Actually, a turkey.  A big one.  She’s a bourbon red, the kind that Barbara Kingsolver wrote about in her book Animal, Vegetable, Miracle.   I need to get a photo of our two week old chicks.  I swear they eat their weight in chick feed every day.


Northern Citrus

This slideshow requires JavaScript.

We grow persian limes, key limes and meyer lemons in pots.  They go into the greenhouse over the winter and seem quite happy here.  We also have a banana tree but it’s never fruited.  I’m thinking we’re probably the only local citrus growers.  Gin and tonics at our house!

I’m Guessing A Bunny Did It

This slideshow requires JavaScript.

Tiny nibbles in one of my precious pumpkins….  I cut off the chewed part, baked it off and now have a plethora of pumpkin to play with.  The chickens were very very happy with the scraps.

County Fair

This slideshow requires JavaScript.

We just picked up our entries.  I do know how to pack a beautiful jar!  🙂

Tis The Season

We spent a good amount of time this morning working in the greenhouse.  We have three of our four indoor beds planted with carrots, kohlrabi, spinach, lettuce, beets, broccoli and dill.  One entire bed has soybeans planted in it.  We will put peas, cabbage and cucumbers in the final bed.  Some of them might not do well but that’s OK.  We learn more and more every year how to best utilize it for winter veggies.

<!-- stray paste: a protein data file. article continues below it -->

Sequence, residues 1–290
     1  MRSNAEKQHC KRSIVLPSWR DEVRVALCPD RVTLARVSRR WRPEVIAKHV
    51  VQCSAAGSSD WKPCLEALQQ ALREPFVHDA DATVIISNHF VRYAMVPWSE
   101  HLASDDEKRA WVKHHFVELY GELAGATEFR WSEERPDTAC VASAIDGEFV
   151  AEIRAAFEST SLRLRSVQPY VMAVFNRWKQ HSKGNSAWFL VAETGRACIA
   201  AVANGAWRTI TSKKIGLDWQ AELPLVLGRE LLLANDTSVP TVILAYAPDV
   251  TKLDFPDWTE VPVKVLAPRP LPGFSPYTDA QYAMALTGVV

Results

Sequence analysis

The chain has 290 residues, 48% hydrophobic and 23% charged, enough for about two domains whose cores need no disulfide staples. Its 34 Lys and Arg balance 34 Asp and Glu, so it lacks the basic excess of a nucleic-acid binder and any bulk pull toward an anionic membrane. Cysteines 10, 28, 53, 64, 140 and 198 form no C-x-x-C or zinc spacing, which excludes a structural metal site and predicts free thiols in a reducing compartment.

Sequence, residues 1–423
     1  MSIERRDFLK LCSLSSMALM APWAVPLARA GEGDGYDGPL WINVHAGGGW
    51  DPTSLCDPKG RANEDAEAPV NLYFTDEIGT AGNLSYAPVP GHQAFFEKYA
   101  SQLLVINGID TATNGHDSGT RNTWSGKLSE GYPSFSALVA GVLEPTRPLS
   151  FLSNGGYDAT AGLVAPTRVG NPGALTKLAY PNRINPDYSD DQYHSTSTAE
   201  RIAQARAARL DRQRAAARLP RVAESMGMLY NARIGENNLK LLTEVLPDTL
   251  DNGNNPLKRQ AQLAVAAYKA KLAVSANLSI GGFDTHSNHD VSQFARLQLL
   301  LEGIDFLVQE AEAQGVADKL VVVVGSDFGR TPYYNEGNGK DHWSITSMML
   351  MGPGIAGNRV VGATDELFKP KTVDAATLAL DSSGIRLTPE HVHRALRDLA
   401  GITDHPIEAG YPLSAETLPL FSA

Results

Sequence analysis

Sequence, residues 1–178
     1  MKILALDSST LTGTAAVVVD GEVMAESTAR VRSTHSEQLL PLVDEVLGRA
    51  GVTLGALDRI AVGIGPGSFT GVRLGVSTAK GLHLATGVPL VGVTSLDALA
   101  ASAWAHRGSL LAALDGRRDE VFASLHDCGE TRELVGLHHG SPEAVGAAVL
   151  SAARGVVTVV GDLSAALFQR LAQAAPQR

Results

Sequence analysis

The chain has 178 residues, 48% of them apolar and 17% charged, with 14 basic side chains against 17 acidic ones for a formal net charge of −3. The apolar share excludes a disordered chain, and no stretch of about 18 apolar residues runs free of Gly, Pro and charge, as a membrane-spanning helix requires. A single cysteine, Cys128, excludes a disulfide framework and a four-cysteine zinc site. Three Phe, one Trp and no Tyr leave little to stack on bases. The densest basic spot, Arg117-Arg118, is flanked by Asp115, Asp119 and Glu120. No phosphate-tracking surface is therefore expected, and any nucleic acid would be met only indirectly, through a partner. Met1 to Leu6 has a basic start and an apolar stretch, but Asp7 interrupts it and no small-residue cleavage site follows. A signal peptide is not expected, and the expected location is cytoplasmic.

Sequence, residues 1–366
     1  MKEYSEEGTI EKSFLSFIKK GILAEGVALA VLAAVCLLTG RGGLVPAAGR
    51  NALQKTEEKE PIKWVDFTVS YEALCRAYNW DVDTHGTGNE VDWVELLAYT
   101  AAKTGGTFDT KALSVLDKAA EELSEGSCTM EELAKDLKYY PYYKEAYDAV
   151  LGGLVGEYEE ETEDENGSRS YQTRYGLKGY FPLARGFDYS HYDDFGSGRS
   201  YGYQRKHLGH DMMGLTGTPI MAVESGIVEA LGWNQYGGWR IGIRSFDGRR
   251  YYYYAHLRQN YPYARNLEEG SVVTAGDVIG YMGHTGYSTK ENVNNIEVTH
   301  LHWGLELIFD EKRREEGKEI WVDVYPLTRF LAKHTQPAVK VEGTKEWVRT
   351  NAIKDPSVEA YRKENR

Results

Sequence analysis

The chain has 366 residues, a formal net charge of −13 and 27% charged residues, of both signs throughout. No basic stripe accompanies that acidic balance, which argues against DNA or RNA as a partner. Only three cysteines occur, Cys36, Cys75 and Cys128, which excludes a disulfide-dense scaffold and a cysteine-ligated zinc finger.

We went to the opening night of our county fair last night, and counted 53 ribbons for Missing Willow Farm!  We earned 28 first, 18 second and 7 third place ribbons.  That’s a record for us (and maybe the fair, too).  🙂

Wish Us Luck!

County fair check in was yesterday.  I’ll get a preview of how we did tomorrow when it opens to the public, pick up is next Sunday.


This slideshow requires JavaScript.

My annual goal of growing a pumpkin came true this year, and then some!  I think we started them too soon in early June.  I don’t care.  They make me happy!

Cattle Panel Trellis

This slideshow requires JavaScript.

We always have a few of these laying around.  They’re good for temporary stock enclosures and chutes for handling our animals.  This year, we put a few to really good alternate use… as trellises in our garden.  They are 16 feet long, so when bent and fastened between two raised beds, they make the perfect structure for cucumbers and tomatoes to climb on and are plenty tall to walk under.


The post office called at 7AM today to come pick up these cuties.  They were shipped from Ohio two days ago.  They arrived healthy and loud and seem happy to be done with their long journey.

Previous Older Entries